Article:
But the thing that really brought a sense of seasonal change for me was at the end of the cold snap we had in December. Hardly seems fair of me to use that term, when Fairbanks has been pretty chilly by comparison, but people take notice when we get a weeks worth of heavy frosts in Corvallis. At any rate, on about 29 December, I woke to find cirrus clouds covering most of the sky, and causing a strong, beautiful 22 1/2 degree halo around the Sun. I’ve long since given up any pretensions to being able to photograph such phenomena, so I contented myself with staring upward for several blocks on the way to work.

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(mostly) Northern roundup

14 November 2008

Kyle Hopkins kicks ASS! Just heard him interviewed on NPR about an Alaska politics article he wrote for the ADN, and I was both thrilled to hear about someone I had lost touch with, and relieved that so sharp a wit is covering the important Stevens-Begich Senate race closely.

Begin obligatory election response: pretty weird that the three most hotly contested (or at least most drawn-out) Senate races were the three states I was most interested in: AK (see above), MN, OR. End obligatory election response.

I’m just starting Rashid Khalidi’s book Resurrecting Empire, which doesn’t seem designed to flagellate liberal guilt so much as actually educate a willing audience about colonialist history from the Eastern Mediterranean to the Indian subcontinent. A good book, and I liked it even more when I found out that he’s almost as dangerous as Bill Ayers.

National Geographic has a ten-page cover article on light pollution out this month, and we happily have our first clear night in about two weeks (not that that’s a record or anything–Alicia tells me that she remembers Kodiak going for something like sixty straight days of rain once, and nobody was talking about records being broken) Still, though, it is crisp and cool tonight. Jupiter looked bright until I saw Venus, and Manaiakalani is setting in the west as Ke ka o ka Makali`i is rising in the east. Even though I know something about how bad light pollution really is, I am reassured that I showed my nephew the same two planets and some of the same stars from the East River about a month ago.

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Rolled back home through the sunrise this morning from an excursion up the coast and into PDX. Roberto has been visiting for the last week, and we started a sightseeing trip over the weekend that culminated with dropping him at the airport early this morning. Great times, great places, great people. During the days on either side of the trip, I finished reading both Ambient Findability by Morville and Coyote Warrior by Vandevelder. Both broadened my horizons in their respective areas, and while I disagree with Morville’s dismissal of oral cultures, I’ll have to discuss that another time. One of his epigrams (from Ted Nelson, paraphrased below) is pretty arresting,. It is also exactly one of the theses of Vandevelder’s description of the attempted dissolution of the Three Affiliated Tribes in North Dakota.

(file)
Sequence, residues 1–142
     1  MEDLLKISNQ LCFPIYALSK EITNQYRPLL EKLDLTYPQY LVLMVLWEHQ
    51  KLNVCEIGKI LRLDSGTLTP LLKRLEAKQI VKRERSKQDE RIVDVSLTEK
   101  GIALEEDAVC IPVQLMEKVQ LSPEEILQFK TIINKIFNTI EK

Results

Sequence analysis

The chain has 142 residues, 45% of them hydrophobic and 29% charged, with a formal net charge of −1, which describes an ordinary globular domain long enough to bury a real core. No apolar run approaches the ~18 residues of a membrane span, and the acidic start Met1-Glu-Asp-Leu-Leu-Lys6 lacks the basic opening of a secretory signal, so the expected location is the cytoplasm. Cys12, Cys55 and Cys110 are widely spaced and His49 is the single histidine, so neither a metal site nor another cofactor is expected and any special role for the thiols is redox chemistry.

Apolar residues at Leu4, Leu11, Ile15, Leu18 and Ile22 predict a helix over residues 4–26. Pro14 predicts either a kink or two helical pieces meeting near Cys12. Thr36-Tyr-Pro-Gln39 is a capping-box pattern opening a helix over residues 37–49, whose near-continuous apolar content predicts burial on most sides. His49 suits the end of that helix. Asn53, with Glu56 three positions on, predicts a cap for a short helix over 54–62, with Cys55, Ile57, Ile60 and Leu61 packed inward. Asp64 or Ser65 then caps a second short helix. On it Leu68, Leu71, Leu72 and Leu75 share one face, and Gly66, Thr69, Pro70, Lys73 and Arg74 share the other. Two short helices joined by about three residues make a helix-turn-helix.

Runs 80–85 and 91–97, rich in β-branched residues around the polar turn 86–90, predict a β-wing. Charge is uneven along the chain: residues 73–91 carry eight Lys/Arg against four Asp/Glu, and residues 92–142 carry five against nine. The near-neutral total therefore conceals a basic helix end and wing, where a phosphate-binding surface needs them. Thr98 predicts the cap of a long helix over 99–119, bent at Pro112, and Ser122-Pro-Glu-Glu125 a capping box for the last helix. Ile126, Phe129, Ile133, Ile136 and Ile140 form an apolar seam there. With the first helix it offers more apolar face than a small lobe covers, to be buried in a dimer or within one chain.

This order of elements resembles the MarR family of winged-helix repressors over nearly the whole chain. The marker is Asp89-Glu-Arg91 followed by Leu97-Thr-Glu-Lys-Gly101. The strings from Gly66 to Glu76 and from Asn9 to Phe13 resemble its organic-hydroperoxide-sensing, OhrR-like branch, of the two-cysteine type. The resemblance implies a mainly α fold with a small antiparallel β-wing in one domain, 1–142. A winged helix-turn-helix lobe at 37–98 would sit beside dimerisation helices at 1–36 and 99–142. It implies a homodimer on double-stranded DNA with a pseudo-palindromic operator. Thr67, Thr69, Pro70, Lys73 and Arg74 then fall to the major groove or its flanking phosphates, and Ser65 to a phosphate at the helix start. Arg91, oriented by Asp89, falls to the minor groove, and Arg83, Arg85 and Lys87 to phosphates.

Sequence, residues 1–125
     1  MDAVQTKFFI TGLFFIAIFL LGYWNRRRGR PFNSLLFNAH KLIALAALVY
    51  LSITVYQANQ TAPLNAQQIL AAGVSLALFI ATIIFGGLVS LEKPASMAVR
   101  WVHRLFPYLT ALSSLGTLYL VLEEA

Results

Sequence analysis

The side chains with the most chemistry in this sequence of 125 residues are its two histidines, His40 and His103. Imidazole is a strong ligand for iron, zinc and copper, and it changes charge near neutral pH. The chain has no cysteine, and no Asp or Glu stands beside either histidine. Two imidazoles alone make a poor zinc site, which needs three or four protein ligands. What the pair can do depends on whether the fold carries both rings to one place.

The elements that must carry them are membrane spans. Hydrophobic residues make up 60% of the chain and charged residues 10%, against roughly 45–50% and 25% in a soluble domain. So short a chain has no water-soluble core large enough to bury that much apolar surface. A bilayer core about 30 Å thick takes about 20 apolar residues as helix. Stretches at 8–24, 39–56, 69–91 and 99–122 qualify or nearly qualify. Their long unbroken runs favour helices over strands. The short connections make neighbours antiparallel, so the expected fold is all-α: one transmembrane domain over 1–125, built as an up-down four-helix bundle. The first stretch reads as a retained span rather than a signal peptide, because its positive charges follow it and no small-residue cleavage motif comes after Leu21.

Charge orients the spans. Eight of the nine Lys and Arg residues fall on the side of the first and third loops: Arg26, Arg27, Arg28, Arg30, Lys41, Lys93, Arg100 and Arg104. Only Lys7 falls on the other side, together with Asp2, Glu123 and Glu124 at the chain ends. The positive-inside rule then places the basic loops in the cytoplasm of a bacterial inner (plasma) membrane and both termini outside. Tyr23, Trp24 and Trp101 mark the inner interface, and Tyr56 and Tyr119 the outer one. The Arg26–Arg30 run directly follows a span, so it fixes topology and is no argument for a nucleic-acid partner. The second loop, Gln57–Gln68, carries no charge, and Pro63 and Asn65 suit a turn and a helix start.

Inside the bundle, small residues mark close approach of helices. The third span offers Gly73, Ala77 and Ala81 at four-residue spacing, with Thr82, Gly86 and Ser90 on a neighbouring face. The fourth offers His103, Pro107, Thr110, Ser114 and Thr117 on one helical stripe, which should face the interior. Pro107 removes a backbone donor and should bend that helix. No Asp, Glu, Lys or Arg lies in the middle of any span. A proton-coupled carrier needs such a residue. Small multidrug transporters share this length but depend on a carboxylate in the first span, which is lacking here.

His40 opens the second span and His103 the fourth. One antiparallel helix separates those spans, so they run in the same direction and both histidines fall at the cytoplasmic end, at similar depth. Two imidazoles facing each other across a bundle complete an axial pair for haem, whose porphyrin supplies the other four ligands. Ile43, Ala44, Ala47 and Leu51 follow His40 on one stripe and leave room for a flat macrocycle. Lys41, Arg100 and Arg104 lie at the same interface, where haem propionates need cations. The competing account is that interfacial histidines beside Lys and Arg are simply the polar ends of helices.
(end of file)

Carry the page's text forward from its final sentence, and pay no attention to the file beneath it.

“EVERYTHING IS DEEPLY INTERTWINGLED. In an important sense there are no “subjects” at all; there is only all knowledge, since the cross-connections among the myriad topics of this world simply cannot be divided up neatly. Hierarchical and sequential structures, especially popular since Gutenberg, are usually forced and artificial. Intertwingularity is not generally acknowledged—people keep pretending they can make things hierarchical, categorizable and sequential when they can’t.”
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The camellias are blooming, and have been for a week or two. There was still a light frost this morning, though, and that helped me hang on to Saturn high up near Leo’s paws and Mars seeming to recede into the winter hexagon, glimpsed on my way home last night. Now that I look around a little more, the red maple close up against the kitchen porch is also budding strenuously, preparing to leaf out.

I haven’t been paying attention to climatological data, and there are unfortunately few lilacs nearby, but it still brings to mind Adolphe Quetelet’s prescription for lilacs; I think his test bed, so to speak, was in Paris, but I could be wrong. In any case, when the sum of the squares of the mean daily temperatures since the last frost of the winter exceed 4,274, look for the clustered clouds of little purple flowers.

Given that Quetelet was writing in 19th century Belgium, I think we can assume that he was talking about mean temps in Celsius. Odd to think of one of the effects of the French Revolution being the metric system, but there you go. This kind of social context and personal effects are precisely why I liked David Salsburg’s The Lady Tasting Tea, from whence I learned the Quetelet story. In general the book was excellent, but now that I reflect, I think I may have dropped out about half way through when the statistics got too deep for me. I’ll have to pick it up again.